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Mind-Body Skills Training to Improve Distress Tolerance in Medical Students: A Pilot Study.

Teach Learn Med; 28(2): 219-28, 2016.
Artigo em Inglês | MEDLINE | ID: mdl-27064724
PROBLEM: Medical students face rigorous and stressful work environments, resulting in high rates of psychological distress. However, there has been a dearth of empirical work aimed at modifying risk factors for psychopathology among this at-risk group. Distress tolerance, defined as the ability to withstand emotional distress, is one factor that may be important in promoting psychological well-being in medical students. Thus, the aim of the current mixed-methods study was (a) to describe changes in facets of distress tolerance (i.e., emotional tolerance, absorption, appraisal, regulation) for medical students who completed a mind-body skills training group, and a no-intervention control group of students; (b) to examine the relationship between changes in psychological variables and changes in distress tolerance; and (c) to report students' perceptions of the mind-body group, with an emphasis on how the group may have affected personal and professional functioning due to improvements in distress tolerance.INTERVENTION: The mind-body program was an 11-week, 2-hour skills training group that focused on introducing, practicing, and processing mind-body skills such as biofeedback, guided imagery, relaxation, several forms of meditation (e.g., mindfulness), breathing exercises, and autogenic training.CONTEXT: Participants were 52 first- and second-year medical students (62.7% female, Mage = 23.45, SD = 1.51) who participated in a mind-body group or a no-intervention control group and completed self-report measures before and after the 11-week period.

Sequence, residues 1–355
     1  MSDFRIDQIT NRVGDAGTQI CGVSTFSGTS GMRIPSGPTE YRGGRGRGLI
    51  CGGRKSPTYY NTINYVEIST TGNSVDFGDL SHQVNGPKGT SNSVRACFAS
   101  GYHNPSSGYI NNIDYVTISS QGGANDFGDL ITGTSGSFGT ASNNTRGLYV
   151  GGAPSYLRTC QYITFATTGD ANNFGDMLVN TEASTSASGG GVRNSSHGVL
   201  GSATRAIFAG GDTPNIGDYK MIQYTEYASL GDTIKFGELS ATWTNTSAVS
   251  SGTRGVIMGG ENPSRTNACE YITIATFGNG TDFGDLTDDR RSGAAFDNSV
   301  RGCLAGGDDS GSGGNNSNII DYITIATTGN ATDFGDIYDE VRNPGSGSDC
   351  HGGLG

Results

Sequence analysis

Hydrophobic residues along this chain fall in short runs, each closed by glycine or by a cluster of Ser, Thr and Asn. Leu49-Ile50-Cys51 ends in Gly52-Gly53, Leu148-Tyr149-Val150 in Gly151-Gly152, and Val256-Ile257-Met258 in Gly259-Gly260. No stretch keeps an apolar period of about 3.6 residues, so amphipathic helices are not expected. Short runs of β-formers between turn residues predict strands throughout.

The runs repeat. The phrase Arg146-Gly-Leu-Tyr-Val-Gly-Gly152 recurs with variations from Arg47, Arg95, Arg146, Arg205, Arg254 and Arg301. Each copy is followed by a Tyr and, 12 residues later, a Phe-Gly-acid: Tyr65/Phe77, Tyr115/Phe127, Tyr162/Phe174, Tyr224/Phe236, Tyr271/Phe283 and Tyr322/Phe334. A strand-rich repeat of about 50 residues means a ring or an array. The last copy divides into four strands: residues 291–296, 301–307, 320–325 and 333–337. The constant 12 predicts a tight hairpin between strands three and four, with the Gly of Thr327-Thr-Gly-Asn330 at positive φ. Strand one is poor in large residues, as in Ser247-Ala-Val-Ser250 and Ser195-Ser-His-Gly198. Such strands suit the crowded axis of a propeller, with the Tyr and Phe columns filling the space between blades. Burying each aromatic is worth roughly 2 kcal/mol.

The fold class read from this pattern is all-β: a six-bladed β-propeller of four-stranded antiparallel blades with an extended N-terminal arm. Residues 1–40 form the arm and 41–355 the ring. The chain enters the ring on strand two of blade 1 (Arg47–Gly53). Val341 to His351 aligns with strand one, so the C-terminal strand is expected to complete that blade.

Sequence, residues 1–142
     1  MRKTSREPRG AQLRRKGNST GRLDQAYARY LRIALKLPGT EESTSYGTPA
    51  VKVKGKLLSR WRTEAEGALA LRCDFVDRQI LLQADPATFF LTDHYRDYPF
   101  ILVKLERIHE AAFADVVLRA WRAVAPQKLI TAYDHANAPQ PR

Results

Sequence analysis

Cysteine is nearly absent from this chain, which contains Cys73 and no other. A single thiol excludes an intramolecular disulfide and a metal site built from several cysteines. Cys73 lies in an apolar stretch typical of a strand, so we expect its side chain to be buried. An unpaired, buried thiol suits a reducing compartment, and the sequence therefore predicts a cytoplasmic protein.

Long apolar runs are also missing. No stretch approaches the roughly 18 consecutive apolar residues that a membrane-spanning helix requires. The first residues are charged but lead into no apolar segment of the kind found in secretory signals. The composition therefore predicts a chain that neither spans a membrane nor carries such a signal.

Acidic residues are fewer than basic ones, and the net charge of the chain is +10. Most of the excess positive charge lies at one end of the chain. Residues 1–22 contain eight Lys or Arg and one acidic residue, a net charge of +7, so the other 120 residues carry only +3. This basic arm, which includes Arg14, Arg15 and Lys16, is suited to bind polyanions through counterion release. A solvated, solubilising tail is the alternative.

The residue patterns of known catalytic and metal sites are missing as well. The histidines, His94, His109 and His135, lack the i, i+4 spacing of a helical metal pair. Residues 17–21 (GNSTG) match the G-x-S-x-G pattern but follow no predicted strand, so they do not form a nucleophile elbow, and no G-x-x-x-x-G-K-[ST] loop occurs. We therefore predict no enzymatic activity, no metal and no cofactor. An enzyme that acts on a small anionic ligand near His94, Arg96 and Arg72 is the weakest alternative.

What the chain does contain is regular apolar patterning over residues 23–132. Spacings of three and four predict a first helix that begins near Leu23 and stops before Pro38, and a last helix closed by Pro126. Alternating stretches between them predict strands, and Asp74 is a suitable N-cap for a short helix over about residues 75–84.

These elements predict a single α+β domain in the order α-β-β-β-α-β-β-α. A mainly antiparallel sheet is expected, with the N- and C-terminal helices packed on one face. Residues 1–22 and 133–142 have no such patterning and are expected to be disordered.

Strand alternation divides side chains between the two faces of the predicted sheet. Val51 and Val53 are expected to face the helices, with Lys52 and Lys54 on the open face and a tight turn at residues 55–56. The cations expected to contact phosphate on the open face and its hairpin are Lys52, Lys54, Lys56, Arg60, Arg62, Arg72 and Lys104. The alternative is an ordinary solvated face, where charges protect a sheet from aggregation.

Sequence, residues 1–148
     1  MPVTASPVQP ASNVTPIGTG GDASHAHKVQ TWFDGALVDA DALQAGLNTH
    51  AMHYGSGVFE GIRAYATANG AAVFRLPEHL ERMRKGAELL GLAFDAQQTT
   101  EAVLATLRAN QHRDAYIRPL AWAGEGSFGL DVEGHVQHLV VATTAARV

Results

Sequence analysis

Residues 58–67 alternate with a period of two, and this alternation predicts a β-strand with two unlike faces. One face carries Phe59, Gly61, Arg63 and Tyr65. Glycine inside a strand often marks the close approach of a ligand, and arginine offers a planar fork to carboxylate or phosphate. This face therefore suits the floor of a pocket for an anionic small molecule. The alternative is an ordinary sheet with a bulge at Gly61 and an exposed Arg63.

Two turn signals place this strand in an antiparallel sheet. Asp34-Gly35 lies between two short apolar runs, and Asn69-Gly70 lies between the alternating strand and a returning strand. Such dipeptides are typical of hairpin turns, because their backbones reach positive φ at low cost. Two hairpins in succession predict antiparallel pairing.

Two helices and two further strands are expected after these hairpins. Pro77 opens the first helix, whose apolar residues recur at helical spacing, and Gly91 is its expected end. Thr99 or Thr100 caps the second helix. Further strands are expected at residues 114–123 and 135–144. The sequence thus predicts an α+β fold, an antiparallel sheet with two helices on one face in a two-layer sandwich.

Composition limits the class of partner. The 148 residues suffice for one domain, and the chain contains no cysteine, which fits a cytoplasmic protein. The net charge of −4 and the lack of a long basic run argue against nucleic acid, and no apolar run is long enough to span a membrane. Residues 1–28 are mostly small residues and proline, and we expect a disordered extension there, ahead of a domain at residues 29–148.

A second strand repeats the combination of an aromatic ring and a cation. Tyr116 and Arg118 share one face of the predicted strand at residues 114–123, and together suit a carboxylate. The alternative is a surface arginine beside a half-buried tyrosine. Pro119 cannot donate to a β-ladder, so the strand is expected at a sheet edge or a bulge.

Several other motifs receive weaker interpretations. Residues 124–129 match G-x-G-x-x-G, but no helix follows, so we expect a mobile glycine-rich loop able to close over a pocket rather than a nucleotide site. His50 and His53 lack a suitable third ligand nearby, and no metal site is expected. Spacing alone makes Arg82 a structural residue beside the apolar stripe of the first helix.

OUTCOME:

Students in the mind-body group showed a modest improvement in all distress tolerance subscales over time (ΔM = .42-.53, p = .01-.03, d = .44-.53), whereas the control group showed less consistent changes across most subscales (ΔM = .11-.42, p = .10-.65, d = .01-.42). Students in the mind-body group qualitatively reported an improved ability to tolerate affective distress. Overall, improvements in psychological symptoms were associated with improvements in distress tolerance in the mind-body group but not in the control group.LESSONS LEARNED: These preliminary findings provide support for the notion that improving distress tolerance through mind-body skills training might serve to protect medical students from becoming functionally impaired by psychological distress. Thus, implementing mind-body skills training into medical school education may help to improve the psychological well-being of medical students. Future studies utilizing more methodologically rigorous designs are warranted.